An hour-long edit of the documentary about the Bazaar of All Nations in Delaware County will air on WHYY TV 12 tonight.
If you're old enough to remember the Bazaar, you know what I'm talking about. If not, read my 2010 story about the documentary, which sold out 17 days of screenings at Cinema 16:9 in Lansdowne:
IF YOU NEVER set foot in the Bazaar, it's tough to understand its place in Delaware County's collective memory, and why the question "Remember the Bazaar?" can still set off an hour-long discussion 17 years after its doors closed.
The Bazaar of All Nations, as it was formally named, was a massive indoor shopping center on the border of Upper Darby and Clifton Heights, a blue-collar precursor to the modern mall.
Built in 1960 on the grounds of an old mental hospital, the Bazaar was a semi-surreal maze of pegboard, wood paneling, chicken wire and miles of fluorescent lights.
Wander around long enough and you'd find what you needed. Maybe it was a part for your broken lawn mower or school supplies for your kids. Maybe just a cold beer and a soft pretzel from Bernie's. Or maybe your future wife.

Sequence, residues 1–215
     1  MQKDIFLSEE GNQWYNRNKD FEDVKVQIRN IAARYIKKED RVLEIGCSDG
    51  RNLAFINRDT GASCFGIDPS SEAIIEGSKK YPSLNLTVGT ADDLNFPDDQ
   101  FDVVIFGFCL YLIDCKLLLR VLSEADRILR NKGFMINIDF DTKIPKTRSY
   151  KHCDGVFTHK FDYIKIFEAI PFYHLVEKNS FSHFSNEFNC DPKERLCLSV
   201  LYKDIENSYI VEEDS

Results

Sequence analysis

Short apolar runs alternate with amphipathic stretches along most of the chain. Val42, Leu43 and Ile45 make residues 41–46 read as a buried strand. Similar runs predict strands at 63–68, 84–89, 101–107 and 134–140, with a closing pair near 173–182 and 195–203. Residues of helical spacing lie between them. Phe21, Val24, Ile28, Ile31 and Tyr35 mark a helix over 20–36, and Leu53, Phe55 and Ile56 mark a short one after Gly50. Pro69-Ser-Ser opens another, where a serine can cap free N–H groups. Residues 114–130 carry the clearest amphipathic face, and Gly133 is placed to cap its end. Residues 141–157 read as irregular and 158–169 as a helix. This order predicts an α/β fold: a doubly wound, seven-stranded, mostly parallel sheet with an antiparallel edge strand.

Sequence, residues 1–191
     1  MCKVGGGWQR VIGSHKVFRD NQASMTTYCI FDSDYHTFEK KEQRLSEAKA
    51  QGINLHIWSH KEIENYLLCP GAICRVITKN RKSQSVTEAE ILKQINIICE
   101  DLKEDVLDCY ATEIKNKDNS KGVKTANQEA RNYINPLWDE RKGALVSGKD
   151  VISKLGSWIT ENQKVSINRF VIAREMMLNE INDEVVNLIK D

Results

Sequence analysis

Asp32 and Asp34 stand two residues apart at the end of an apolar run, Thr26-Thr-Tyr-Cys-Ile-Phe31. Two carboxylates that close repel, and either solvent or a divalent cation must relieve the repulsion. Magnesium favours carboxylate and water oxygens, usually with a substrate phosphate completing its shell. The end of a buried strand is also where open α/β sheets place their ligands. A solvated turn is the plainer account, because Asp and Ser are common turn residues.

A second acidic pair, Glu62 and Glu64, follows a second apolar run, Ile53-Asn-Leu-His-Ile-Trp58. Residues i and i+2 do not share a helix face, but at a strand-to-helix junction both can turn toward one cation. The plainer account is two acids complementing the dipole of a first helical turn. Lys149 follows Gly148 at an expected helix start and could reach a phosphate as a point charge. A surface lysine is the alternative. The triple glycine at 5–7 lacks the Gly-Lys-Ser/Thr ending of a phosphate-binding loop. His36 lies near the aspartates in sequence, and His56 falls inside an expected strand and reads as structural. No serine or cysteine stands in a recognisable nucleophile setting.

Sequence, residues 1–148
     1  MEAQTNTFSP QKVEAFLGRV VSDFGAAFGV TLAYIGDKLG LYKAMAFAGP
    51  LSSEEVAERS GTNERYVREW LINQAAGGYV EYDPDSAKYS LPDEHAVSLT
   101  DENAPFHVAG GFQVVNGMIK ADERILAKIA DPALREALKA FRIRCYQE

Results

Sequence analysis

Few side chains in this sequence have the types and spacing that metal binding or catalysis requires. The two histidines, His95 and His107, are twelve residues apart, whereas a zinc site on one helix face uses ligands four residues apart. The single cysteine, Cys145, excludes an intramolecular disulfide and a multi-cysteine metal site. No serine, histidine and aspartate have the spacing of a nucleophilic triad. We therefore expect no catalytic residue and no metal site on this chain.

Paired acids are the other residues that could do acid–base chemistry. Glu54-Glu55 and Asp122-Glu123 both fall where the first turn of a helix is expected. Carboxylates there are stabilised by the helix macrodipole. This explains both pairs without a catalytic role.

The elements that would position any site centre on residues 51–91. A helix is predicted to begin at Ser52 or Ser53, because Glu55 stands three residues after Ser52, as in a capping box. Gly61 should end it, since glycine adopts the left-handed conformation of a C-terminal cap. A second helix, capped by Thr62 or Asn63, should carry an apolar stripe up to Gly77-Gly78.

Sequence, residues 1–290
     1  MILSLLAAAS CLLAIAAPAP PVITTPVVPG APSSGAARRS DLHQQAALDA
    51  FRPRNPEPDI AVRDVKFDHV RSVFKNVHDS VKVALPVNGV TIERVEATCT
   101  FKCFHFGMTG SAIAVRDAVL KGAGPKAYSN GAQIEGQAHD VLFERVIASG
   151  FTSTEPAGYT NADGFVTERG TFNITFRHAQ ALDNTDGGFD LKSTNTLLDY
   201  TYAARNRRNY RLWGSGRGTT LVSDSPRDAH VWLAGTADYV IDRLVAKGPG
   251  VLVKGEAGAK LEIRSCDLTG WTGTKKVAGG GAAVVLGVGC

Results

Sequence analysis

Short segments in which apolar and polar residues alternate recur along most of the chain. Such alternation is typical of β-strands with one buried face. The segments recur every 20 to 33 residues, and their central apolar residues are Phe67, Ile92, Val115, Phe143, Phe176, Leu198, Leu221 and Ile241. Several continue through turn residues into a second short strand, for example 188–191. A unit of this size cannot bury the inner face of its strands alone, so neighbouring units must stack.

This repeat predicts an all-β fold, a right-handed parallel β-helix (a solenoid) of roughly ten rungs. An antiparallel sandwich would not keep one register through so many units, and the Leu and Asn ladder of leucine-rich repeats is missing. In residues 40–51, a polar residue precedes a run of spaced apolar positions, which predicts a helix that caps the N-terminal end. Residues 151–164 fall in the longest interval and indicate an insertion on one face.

Dubbed the "Twilight Zone" by some local cops, the Bazaar was part farmer's market, part carnival and part something unique that seems difficult to identify today through the haze of nostalgia.
I got to make a few trips to the Bazaar when I was a kid before it closed in 1993 and was demolished. Vaguely remember the smell of cinnamon buns, buying a Nirvana single (cassette) and getting some cheesy photos framed. The place had everything.